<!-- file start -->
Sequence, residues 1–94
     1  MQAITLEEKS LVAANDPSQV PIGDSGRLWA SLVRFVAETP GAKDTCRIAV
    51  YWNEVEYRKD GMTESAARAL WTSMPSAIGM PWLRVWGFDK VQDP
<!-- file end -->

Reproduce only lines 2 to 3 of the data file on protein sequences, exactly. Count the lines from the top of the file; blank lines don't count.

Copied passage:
     1  MQAITLEEKS LVAANDPSQV PIGDSGRLWA SLVRFVAETP GAKDTCRIAV
    51  YWNEVEYRKD GMTESAARAL WTSMPSAIGM PWLRVWGFDK VQDP